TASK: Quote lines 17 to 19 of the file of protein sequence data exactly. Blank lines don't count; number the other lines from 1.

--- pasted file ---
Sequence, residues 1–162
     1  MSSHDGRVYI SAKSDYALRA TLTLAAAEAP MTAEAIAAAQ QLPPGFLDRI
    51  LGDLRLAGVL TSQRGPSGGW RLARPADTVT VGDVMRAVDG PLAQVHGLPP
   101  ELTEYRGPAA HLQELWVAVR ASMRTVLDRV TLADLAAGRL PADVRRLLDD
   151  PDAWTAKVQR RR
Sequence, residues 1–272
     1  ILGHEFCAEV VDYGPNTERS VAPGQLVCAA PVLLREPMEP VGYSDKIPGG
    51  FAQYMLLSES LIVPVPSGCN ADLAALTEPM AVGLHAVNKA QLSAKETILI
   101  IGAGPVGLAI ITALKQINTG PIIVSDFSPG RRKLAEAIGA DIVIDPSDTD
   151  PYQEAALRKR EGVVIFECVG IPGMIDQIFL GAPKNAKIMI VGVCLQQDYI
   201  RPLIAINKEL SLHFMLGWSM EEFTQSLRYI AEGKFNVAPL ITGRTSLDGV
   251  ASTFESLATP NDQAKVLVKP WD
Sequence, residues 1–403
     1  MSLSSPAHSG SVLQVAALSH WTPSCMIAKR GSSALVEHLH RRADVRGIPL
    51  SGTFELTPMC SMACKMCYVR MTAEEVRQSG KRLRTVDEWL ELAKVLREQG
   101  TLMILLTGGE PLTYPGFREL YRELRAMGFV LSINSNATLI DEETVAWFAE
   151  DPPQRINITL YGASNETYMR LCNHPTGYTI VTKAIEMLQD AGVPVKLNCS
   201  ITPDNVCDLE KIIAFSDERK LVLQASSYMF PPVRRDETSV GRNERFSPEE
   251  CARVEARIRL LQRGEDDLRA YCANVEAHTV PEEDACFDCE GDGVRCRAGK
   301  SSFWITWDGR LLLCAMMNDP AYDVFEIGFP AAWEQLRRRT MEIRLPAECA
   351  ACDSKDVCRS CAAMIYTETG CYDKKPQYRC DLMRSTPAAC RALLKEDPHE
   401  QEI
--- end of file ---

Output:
   151  DPPQRINITL YGASNETYMR LCNHPTGYTI VTKAIEMLQD AGVPVKLNCS
   201  ITPDNVCDLE KIIAFSDERK LVLQASSYMF PPVRRDETSV GRNERFSPEE
   251  CARVEARIRL LQRGEDDLRA YCANVEAHTV PEEDACFDCE GDGVRCRAGK